In 1998, the World Health Organization (WHO) and the International Agency for Research on Cancer (IARC) released a study on the health effects of secondhand smoke exposure. The tobacco industry immediately began to claim that the study showed no link between secondhand smoke and lung cancer. The WHO issued a press release refuting this industry lie. Despite this, the industry and its allies continues to cite this study to cast doubt on the science of secondhand smoke, and to oppose local clean indoor air ordinance.
Previously secret tobacco industry internal documents show that the industry was deeply concerned about the effect this study would have. One internal document listed four objectives regarding the IARC study: "Delay the progress and/or release of the study; Affect the wording of its conclusions and official statement of results; Neutralize possible negative results of the study, particularly as a regulatory tool; Counteract the potential impact of the study on government policy, public opinion, and actions by private employers and proprietors."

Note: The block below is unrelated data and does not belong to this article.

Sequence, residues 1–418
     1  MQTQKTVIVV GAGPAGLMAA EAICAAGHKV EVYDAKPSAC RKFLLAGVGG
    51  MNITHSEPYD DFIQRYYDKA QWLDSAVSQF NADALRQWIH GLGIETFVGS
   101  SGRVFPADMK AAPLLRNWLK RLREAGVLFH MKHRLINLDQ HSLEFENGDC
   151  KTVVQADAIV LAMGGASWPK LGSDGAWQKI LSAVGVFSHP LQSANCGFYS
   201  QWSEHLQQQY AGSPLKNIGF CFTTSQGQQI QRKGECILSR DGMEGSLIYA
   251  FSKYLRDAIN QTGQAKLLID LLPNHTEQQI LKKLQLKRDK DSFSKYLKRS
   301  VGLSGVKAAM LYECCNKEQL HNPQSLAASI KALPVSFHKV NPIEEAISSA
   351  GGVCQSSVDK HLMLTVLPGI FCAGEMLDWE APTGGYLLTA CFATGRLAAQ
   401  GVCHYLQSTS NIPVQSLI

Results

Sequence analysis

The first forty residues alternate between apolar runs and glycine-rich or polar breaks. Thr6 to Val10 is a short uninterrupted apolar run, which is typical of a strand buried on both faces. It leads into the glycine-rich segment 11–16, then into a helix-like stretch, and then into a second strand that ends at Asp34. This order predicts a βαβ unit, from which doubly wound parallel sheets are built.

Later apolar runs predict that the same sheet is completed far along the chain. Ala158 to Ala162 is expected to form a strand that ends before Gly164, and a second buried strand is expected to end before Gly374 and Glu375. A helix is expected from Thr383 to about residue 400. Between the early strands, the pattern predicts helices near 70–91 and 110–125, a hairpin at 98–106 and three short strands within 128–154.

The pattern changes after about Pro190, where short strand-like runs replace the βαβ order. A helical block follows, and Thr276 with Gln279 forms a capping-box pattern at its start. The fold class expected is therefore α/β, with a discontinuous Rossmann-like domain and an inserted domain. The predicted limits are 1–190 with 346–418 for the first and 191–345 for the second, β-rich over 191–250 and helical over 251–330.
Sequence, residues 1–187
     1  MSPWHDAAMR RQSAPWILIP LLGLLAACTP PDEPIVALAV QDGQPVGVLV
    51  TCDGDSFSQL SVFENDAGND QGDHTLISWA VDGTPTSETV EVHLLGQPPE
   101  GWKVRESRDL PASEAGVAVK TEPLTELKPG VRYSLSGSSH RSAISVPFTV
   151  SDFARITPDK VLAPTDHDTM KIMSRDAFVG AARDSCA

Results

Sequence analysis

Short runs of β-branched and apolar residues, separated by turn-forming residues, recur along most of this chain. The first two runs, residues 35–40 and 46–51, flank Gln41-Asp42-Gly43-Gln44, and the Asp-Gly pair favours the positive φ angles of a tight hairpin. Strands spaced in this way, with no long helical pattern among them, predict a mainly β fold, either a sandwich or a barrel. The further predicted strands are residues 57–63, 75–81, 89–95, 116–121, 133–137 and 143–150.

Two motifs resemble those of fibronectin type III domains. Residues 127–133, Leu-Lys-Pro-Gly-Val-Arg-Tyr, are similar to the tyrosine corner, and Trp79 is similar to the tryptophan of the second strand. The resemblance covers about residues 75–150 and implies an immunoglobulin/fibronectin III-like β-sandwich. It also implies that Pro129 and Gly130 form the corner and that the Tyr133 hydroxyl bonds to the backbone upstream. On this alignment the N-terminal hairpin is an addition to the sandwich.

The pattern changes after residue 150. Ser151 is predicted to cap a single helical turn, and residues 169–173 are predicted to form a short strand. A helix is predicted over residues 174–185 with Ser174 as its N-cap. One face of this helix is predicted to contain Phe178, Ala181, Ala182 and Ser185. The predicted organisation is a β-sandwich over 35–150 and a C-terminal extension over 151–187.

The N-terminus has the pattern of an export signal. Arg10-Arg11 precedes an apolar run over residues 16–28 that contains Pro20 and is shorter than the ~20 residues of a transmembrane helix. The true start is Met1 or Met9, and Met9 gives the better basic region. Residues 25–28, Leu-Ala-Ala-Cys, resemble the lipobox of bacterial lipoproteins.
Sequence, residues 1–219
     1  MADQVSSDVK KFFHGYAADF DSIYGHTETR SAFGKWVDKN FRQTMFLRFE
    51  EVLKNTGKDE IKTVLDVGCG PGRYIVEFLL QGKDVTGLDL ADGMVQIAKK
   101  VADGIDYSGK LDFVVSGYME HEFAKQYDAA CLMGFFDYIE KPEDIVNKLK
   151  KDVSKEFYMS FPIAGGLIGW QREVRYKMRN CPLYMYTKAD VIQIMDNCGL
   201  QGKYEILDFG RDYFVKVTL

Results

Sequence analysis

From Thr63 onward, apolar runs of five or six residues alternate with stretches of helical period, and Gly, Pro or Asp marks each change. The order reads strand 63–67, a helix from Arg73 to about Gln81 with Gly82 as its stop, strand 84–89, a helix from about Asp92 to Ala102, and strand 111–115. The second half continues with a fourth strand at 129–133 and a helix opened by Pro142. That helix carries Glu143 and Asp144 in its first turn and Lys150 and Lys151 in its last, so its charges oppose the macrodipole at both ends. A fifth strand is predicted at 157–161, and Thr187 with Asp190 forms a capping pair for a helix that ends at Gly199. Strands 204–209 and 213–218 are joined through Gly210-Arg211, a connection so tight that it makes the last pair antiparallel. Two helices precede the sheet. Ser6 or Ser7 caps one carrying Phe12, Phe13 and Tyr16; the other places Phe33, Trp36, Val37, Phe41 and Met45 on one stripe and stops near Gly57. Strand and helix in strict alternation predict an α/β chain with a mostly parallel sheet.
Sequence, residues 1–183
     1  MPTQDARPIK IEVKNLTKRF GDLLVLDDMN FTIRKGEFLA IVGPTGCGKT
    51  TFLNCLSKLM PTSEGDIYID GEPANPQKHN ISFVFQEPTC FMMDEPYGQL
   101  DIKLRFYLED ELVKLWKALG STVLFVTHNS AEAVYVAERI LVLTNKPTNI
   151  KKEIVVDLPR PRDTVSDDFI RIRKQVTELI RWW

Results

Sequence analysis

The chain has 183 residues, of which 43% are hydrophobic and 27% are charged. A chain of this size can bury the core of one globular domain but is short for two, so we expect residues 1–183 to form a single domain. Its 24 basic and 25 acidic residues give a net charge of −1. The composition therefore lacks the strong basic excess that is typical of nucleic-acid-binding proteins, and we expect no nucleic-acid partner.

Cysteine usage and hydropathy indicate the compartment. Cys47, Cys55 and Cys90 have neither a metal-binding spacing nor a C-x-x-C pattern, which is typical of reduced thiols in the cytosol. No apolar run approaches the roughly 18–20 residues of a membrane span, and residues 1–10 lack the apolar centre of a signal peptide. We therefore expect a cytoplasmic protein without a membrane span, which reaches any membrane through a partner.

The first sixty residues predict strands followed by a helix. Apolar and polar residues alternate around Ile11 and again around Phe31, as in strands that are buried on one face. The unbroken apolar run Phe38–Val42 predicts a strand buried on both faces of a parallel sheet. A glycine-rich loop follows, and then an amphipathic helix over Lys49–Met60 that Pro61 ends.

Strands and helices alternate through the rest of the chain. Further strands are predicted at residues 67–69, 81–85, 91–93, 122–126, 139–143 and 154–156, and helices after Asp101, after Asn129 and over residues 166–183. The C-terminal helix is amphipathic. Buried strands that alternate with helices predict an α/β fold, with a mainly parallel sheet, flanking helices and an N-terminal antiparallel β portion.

The memo went on to list actions to take in support of these objectives, including: establishing a link with the new IARC director; developing scientific teams to contact those involved in the IARC research in each country; assessing the possibility of canceling or preempting the study after contacting government officials in 16 IARC donor countries; affecting the conclusions or wording of the study; preparing a critique of the study's methodology; developing pre- and post-release lobbying plans; and identifying potential third party allies such as trade associations and labor unions. [IARC epidemiological study on lung cancer and ETS, Philip Morris, Bates Nos. 2501341817 - 2501341823]
Please click here for more information on the industry's attempts to subvert this and other studies on the health hazards of secondhand smoke.